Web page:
I have just returned from two weeks in Italy. I was a little nervous about eating while in this country known for its excellent cuisine, as I limit my dairy and wheat intake due to food sensitivities and allergies. I remembered from my past adventures there that fresh fruits weren’t a problem when purchased at fruit stands or farmers’ markets (it is cherry season); however, a good salad is hard to come by (except for Coquinarius in Florence).
Italians eat a lot of cheese and pasta, yet they are not overweight. In America, we target such foods as unhealthy to eat all the time and sure to add extra pounds, yet is this really true? The only overweight people I saw in Italy, and of course this is a generalization, where the American tourists. Sure, these tourists probably eat the Standard American Diet (SAD) full of processed foods like high fructose corn syrup, yet what about my conceptions of eating mostly raw fruits, vegetables, and nuts as healthy eating? Should I be eating more cheese and wheat?
What is SAD? Dr. Sears explains:
If you were to list the factors that increase the risk of cancer, heart disease, stroke, intestinal disorders – just about any illness – the standard American diet has them all:
- High in animal fats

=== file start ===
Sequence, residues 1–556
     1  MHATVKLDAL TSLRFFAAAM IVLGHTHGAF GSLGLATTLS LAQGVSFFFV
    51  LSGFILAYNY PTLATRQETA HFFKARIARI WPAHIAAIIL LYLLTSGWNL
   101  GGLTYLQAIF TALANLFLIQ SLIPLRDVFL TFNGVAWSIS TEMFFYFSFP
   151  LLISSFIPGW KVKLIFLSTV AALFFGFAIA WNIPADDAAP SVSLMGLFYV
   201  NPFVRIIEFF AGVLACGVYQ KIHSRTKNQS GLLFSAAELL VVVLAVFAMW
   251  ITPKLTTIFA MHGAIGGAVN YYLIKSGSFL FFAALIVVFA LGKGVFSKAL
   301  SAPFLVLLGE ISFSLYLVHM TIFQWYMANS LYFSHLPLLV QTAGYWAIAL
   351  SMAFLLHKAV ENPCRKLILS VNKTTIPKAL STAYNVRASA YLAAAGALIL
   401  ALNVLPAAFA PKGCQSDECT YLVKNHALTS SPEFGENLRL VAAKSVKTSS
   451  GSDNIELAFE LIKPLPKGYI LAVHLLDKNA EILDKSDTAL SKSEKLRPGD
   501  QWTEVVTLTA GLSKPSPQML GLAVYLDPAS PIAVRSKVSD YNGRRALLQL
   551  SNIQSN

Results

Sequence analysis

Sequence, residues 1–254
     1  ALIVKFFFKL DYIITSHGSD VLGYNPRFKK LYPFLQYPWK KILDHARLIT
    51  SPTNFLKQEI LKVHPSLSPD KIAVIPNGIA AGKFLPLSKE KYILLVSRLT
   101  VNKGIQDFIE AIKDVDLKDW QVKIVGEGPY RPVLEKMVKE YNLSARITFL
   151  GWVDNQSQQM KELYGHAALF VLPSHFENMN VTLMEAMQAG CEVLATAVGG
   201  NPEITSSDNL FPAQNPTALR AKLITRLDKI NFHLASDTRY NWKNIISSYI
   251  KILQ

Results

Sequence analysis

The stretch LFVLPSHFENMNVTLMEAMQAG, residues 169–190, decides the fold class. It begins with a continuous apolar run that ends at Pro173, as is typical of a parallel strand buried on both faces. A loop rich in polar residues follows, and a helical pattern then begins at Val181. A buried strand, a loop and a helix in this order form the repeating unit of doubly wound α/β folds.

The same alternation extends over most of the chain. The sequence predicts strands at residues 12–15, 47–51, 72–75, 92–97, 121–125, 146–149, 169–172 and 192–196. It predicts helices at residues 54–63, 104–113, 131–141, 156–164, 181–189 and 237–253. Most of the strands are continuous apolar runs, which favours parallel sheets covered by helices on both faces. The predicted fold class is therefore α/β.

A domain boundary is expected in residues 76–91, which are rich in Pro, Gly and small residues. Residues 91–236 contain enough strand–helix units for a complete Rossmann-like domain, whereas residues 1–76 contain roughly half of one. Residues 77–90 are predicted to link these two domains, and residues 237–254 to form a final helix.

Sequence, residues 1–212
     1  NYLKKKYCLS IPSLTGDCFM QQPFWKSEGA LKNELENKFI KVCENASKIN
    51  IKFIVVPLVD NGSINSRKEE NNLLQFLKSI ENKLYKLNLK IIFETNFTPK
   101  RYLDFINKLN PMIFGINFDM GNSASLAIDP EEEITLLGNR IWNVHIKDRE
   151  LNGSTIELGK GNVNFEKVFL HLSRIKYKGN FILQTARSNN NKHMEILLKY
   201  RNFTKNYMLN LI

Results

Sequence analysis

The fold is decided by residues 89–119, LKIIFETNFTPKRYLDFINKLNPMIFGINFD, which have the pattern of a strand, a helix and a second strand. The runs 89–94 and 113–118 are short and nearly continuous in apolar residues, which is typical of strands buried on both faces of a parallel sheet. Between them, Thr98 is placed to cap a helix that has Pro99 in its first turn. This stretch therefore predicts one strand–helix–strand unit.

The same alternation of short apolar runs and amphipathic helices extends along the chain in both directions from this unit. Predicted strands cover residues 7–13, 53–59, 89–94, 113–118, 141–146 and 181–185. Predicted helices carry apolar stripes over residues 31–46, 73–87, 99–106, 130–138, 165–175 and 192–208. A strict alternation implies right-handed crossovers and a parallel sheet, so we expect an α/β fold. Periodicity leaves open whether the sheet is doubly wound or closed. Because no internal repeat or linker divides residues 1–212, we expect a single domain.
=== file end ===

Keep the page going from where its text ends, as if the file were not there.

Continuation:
- High in unhealthy fats: saturated, hydrogenated
- Low in fiber
- High in processed foods
- Low in complex carbohydrates
- Low in plant-based foods
The striking fact is that cultures that eat the reverse of the standard American diet – low fat, high in complex carbohydrates, plant-based, and high in fiber – have a lower incidence of cancer and coronary artery disease (CAD). What’s even more sad is that countries whose populations can afford to eat the healthiest disease-preventing foods don’t. The United States has spent more money on cancer research than any country in the world, yet the American diet contributes to the very diseases we are spending money to prevent.
Clearly as a vegetarian and gardener, I don’t eat the SAD. I have eliminated much of the dairy and wheat from my diet, largely due to digestion issues, yet when consuming these products in Italy, I did not have the same issues I have in America (well, there was morning a brioche that did not agree with me).
Although I don’t eat meat, I do consume other animal products in limited amounts (I only took licks from my daughter’s gelatos).
Education efforts in the US are not working to change people’s eating habits, but like anything in America, the amount of spending on marketing is largely to blame. It’s all about profits. The New York Times reports: